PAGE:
Knife crime has become a serious problem in London where I live. There have been some heart-rending murders of promising teens. An amnesty organized by police throughout Britain netted almost 100,000 knives, from pen knives to machetes.
The lead on knife crime in the Association of Chief Police Officers said: "The amnesty is certainly a step in the right direction and I hope it will prove to be a catalyst in changing the culture of routine knife possession, minimising the opportunity for the serious harm that can follow from the violent use of a knife" ( www.blackukonline.com).
Changing the culture from a desire to possess knives involves the need to change people's thought from believing they need the protection and respect that knives are believed to offer. In this regard prayer can help because it can support individual and collective changes in perception.
In particular, prayer that perceives the divine Mind, God, as a source of protection uncovers a consistent sense of security that no material method can afford.
A friend proved this awhile back. She'd just left an inspiring church service and was joyfully pondering who she was in relation to God and how all people are God's children and therefore brothers and sisters. Exiting an Underground station to catch a connecting bus, she was approached by a young man who drew a knife and demanded money.
As my friend explains it, because of the inspiration in her thoughts, she didn't feel afraid, alone, or helpless. Instead she felt calm, knowing that God loved her and her attacker and was looking after both of them right at that moment and always.
She said, "You really don't want to do this." He looked at her and then at the knife and said, "No, no, I don't." He turned and walked off. He didn't run or look back; he left without a fuss. My friend didn't feel scared or shaken, but felt, as she put it, grateful and uplifted by God's love and protection.
To me, my friend's experience was proof that we don't need to fear that we live in an unpredictable environment fraught with danger. Her spiritualized thought had evidenced a place in the environment of God's presence, which you could call a present heaven.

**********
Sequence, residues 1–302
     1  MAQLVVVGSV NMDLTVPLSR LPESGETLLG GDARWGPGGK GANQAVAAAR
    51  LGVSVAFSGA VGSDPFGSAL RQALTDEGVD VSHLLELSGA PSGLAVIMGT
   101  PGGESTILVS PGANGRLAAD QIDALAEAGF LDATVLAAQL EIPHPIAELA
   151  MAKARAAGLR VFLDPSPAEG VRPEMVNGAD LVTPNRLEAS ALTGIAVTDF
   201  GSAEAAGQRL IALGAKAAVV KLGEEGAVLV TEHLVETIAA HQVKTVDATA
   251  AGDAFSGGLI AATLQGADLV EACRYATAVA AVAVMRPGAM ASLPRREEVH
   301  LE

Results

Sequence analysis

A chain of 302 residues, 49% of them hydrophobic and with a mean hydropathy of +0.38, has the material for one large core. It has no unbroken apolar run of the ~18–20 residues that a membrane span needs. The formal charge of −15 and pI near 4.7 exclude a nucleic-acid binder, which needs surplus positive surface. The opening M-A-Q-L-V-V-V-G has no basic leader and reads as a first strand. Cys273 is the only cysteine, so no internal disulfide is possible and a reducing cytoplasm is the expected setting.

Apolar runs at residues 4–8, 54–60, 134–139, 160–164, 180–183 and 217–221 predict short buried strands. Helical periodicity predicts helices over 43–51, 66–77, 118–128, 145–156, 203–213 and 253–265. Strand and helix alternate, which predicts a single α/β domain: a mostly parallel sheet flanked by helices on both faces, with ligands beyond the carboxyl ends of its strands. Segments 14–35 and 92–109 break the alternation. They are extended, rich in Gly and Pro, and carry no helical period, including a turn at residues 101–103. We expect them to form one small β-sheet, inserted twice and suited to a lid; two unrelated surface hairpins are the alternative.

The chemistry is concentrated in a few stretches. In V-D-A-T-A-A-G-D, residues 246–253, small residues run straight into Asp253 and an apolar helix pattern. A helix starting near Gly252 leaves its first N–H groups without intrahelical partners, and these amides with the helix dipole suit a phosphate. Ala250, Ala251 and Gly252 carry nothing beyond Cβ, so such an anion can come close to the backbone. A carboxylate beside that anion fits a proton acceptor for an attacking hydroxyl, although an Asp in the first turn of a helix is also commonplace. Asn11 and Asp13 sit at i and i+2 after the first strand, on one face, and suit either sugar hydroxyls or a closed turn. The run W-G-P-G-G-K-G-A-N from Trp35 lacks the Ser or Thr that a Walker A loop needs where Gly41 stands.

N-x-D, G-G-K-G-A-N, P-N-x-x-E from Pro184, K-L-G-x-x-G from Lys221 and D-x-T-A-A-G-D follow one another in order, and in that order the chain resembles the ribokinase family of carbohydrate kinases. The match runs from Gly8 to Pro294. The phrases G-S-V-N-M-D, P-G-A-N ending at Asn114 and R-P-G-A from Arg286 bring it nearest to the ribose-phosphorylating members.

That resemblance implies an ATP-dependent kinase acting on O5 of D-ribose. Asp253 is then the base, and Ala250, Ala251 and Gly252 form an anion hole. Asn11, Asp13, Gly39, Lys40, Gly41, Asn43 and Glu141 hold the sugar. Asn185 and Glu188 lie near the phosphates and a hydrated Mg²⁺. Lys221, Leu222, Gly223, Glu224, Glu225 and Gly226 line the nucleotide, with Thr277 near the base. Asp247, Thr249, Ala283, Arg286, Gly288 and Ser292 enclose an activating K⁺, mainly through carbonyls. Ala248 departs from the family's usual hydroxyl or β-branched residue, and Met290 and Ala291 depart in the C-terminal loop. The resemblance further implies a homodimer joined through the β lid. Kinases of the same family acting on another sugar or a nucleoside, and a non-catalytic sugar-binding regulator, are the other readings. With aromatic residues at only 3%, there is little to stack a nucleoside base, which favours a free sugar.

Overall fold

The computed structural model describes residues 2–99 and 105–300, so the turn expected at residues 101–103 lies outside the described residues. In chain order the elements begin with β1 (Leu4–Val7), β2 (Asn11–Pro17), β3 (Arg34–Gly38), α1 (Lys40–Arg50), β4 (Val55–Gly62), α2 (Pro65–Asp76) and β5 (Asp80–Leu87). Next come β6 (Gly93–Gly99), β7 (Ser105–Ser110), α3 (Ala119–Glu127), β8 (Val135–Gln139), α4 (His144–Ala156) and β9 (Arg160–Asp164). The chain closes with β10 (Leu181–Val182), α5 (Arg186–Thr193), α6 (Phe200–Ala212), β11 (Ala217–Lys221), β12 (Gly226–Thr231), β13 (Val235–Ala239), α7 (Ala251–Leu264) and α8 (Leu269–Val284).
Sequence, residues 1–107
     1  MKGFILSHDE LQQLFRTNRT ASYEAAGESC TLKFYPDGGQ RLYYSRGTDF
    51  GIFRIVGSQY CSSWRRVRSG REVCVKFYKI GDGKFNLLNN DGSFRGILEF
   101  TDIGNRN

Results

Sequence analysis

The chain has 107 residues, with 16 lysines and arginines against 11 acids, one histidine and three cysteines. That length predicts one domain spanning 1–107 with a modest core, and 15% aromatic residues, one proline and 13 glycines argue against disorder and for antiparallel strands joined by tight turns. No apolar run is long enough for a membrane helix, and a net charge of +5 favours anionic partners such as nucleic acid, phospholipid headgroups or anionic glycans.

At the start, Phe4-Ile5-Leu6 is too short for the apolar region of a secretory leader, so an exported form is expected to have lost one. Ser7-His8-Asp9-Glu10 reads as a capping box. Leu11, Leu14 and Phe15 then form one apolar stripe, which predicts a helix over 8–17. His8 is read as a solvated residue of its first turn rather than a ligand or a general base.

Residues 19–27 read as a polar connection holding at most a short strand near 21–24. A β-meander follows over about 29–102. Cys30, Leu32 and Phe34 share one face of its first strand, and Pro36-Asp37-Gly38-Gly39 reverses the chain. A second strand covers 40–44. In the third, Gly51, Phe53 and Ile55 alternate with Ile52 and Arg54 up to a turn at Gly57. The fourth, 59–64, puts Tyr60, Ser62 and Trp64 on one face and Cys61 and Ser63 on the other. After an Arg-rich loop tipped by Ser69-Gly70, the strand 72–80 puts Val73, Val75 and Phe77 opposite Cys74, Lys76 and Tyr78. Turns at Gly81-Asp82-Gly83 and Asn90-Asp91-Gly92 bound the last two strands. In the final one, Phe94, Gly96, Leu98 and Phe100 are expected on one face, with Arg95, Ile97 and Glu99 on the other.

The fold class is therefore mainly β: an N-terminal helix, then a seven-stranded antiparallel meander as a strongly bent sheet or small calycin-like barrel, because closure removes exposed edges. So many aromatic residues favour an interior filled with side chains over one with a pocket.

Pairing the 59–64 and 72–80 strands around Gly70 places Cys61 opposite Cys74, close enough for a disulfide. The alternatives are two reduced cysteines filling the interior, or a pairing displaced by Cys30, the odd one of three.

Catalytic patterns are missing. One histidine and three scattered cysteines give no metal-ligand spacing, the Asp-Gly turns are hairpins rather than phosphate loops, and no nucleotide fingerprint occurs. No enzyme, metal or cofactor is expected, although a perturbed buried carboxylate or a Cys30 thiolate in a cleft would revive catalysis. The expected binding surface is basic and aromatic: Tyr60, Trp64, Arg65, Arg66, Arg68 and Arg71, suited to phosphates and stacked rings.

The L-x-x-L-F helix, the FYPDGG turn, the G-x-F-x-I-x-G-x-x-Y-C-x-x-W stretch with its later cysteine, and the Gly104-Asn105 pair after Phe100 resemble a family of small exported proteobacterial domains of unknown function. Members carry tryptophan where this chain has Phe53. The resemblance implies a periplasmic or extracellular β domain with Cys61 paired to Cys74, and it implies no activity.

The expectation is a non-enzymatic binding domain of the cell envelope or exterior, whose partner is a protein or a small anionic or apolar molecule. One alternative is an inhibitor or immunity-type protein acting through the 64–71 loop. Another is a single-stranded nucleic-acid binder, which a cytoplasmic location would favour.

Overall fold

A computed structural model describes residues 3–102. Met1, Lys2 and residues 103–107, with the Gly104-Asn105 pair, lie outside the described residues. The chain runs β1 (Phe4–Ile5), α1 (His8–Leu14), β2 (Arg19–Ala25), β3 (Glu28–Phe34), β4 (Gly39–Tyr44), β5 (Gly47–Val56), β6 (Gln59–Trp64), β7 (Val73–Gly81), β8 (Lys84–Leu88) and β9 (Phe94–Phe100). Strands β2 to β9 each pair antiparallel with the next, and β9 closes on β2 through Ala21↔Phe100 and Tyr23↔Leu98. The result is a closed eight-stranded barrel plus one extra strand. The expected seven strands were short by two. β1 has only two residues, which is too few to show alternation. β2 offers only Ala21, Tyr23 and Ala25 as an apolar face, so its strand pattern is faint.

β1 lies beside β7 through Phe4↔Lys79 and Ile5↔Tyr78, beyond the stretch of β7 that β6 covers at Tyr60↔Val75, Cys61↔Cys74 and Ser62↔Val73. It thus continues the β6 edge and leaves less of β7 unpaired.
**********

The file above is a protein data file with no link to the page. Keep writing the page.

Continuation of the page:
In "Science and Health with Key to the Scriptures," Monitor founder Mary Baker Eddy interpreted "heaven" spiritually as "harmony; the reign of Spirit; government by divine Principle; spirituality; bliss; the atmosphere of Soul" (p. 587).
To me, this describes the true "location" of everyone – the spiritual state of true being. The Bible records the Apostle Paul as saying to the Greeks, "In him we live, and move, and have our being; as certain also of your own poets have said, For we are also his offspring" (Acts 17:28).
My friend's account indicates to me how we make this haven practical in our experience: by lifting our thoughts, through prayer, to a consciousness of this holy state where God governs all and by seeing ourselves as already in this heaven.
This view protected my friend, and it also supported the better instincts of the young man. It helped him find his freedom from committing a crime and find true respect – the self-respect that comes from being and doing good.
Whether for the safety of loved ones or for the sake of those tempted to threaten others or protect themselves through carrying knives, a prayer to see the heaven of God's love present where danger seems to be can make a difference.
Thou shalt not be afraid
for the terror by night;
nor for the arrow
that flieth by day....
For he shall give his angels
charge over thee,
to keep thee in all thy ways.
Psalms 91:5, 11